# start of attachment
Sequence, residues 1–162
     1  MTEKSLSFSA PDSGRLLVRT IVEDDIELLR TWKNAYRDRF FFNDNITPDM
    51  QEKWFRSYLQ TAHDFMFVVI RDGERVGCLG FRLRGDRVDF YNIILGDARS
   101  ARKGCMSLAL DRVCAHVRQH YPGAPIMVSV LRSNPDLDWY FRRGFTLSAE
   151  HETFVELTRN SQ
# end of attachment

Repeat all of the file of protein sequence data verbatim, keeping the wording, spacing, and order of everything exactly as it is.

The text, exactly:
Sequence, residues 1–162
     1  MTEKSLSFSA PDSGRLLVRT IVEDDIELLR TWKNAYRDRF FFNDNITPDM
    51  QEKWFRSYLQ TAHDFMFVVI RDGERVGCLG FRLRGDRVDF YNIILGDARS
   101  ARKGCMSLAL DRVCAHVRQH YPGAPIMVSV LRSNPDLDWY FRRGFTLSAE
   151  HETFVELTRN SQ